Jamestown Native Returns To Share ‘My Sweden’
Randal Piersons left his hometown of Jamestown for military service after graduating in 1964. He spent the following years traveling Europe, but he finally chose Sweden as his new home after falling in love with the country, its people and its unique character.
Piersons is now able to share with local residents scenes from life and nature in his adopted country through one of his life’s great passions: photography. Since July 11 his photos have been available for viewing in his show, “My Sweden,” on display in the 3rd On 3rd Gallery until Aug. 8.
While his homecoming initially began as a chance to catch up with old classmates at his 50-year reunion, he seized the opportunity to arrange an exhibit of his photography.
“It was friends of mine who live here who visited me in Sweden,” Piersons said. “They looked at some of my photos and said, ‘You’ve got to come to Jamestown and show your photos for the people in Jamestown.’ And I said, ‘OK, well I’ve got my 50th reunion coming up so I guess I can swing that.'”
Piersons has been taking photographs for almost his entire life, but began pursuing his passion as a professional photographer in his retirement. Since then his work has been featured in a number of shows in his native country.
The “My Sweden” show at the 3rd On 3rd Gallery displays the many aspects of Pierson’s work, while focusing specifically on the atmosphere of life in rural Sweden.
“There’s a lot of tranquillity and peace of mind in Swedish nature,” Piersons said. “One of the things that I appreciate a lot is that there is a lot of cleanliness and people are honest. I never feel threatened by anything.”
Piersons hopes that through his work he will be able to communicate the distinctive character of his adopted home to the people of Jamestown. He notes that the show may be especially enjoyable for the large population of Jamestown with Swedish ancestry.
“When I’ve taken pictures of houses it is more for the Swedish descendent living here,” Piersons said. “Hopefully they will see something that they will appreciate with the buildings that reminds them of their forefathers.”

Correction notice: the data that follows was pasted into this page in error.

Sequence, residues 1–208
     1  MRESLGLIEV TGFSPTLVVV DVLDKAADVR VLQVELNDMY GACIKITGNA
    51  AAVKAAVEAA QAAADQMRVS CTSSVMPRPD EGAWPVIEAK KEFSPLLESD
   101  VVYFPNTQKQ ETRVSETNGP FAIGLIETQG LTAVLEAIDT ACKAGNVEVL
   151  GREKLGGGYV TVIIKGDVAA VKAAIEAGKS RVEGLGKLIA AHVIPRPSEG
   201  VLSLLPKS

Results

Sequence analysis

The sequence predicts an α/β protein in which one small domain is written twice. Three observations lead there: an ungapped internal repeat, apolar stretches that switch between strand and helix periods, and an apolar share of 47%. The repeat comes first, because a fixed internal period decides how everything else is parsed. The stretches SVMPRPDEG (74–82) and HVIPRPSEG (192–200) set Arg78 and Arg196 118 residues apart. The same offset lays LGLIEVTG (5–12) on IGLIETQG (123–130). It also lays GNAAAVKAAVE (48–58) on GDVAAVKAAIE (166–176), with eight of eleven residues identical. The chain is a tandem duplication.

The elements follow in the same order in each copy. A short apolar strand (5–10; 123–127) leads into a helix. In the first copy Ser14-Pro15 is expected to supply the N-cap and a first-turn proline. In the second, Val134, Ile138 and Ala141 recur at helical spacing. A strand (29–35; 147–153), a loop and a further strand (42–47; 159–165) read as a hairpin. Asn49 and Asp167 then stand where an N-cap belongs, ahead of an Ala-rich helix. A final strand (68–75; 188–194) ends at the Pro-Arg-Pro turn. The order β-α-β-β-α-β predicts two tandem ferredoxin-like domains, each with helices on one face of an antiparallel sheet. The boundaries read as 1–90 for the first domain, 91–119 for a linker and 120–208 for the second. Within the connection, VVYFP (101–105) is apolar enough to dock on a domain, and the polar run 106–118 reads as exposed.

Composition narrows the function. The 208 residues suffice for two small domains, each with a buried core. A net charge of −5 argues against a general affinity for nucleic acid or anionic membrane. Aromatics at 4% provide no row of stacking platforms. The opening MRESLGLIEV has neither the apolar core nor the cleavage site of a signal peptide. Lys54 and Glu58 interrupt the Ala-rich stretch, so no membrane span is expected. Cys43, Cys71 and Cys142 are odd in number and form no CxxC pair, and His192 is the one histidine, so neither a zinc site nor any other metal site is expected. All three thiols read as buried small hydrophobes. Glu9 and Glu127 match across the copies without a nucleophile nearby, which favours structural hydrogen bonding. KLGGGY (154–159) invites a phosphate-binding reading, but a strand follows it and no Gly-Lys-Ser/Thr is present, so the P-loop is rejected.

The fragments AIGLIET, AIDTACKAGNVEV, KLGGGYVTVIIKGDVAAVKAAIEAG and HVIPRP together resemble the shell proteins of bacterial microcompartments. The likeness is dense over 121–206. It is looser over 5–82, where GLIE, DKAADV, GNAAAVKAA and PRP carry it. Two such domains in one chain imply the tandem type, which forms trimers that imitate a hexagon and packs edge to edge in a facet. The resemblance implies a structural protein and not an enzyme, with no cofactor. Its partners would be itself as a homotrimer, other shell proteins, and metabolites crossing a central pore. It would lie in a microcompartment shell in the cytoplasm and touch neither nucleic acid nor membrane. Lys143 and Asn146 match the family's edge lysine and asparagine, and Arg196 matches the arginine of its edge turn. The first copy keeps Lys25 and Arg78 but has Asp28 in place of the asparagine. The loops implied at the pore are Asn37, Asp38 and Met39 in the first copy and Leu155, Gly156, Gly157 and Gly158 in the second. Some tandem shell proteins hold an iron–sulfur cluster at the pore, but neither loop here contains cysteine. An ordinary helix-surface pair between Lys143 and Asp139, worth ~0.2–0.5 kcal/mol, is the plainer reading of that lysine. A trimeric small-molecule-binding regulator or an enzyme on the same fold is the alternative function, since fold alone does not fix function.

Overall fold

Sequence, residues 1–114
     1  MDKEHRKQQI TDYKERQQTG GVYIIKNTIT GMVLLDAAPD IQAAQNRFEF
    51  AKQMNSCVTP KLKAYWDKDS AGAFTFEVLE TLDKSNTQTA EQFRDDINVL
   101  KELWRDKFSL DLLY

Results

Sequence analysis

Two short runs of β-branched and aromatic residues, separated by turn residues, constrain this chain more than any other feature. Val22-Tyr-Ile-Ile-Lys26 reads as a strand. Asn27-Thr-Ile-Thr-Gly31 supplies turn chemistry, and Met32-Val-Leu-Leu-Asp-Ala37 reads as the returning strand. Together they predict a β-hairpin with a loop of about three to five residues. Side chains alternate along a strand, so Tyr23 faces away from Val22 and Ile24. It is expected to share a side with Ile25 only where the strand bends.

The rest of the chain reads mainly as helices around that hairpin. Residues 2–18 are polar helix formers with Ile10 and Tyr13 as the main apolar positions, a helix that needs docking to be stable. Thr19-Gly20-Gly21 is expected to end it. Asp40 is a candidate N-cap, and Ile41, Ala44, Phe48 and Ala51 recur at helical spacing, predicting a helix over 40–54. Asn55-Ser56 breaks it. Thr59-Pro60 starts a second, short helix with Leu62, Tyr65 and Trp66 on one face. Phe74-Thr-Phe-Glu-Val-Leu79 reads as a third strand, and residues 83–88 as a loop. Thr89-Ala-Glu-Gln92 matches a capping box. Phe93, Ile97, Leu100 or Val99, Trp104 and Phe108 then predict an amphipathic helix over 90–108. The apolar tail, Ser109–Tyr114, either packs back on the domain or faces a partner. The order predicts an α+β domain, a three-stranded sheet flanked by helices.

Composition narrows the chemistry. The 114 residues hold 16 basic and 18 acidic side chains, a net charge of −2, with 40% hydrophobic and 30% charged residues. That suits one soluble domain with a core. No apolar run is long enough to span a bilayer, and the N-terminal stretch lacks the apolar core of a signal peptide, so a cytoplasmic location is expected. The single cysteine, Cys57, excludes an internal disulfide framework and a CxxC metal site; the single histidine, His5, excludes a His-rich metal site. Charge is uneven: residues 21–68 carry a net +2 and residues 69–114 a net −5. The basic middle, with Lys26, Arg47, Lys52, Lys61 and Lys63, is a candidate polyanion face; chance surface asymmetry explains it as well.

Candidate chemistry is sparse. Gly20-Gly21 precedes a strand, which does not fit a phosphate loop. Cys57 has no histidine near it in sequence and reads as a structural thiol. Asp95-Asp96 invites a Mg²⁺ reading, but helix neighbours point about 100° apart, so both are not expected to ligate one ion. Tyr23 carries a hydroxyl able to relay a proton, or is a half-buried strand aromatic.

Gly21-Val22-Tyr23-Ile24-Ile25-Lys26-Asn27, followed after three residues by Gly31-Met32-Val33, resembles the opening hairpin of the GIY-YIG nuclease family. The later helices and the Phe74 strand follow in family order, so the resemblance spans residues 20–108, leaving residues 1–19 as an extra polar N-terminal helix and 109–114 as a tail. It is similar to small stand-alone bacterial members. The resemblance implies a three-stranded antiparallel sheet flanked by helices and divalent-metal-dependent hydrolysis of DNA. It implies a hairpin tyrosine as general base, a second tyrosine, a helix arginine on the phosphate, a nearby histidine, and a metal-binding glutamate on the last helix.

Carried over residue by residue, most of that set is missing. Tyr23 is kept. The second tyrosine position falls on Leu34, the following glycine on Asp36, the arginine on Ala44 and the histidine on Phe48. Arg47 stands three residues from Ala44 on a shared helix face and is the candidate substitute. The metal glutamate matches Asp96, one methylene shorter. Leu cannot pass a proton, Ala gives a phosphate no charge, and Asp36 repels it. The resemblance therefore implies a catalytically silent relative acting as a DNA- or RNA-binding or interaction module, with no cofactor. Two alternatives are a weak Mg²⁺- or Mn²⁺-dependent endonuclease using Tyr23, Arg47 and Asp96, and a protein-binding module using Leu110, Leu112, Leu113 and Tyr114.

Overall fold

Besides the photos of historic Swedish architecture on display at the show, Pierson’s main focus is on nature as it is found in the Swedish countryside where he lives.
“I like to share what I see in nature,” Piersons said. “I like to try to capture feelings. There is a lot of feelings on a foggy day, for example. Whenever it is particularly beautiful, or a little unusual.”
Piersons takes most of his photos on walks through the woods near his home south of Stockholm, often while pursuing his other major hobby, mushroom hunting. Photos of his findings are also on display in the show.
“When you find one, your whole body gets happy,” Piersons said. “And I take my camera with me always.”
In addition to his show in the 3rd On 3rd Gallery, Piersons also gave a showing of his work at the Scandinavian Folk Festival. To accompany his photography, he gave a lecture with the theme, “Why I moved to Sweden and stayed there.”
“I might mention that I never do any Photoshopping,” Piersons said. “Everything I have is what I get out of the camera. That’s why I call them ‘photographic moments.’ It doesn’t take more than a couple seconds sometimes, and you’ve lost the light.”
The 3rd On 3rd Gallery, located in the Reg Lenna building, has been a home to various art shows for over three years, having opened in January 2011. It is funded by the New York Council On The Arts, and has recently been granted funding for three more years. The gallery is open Monday through Friday from 10 a.m. to 4 p.m.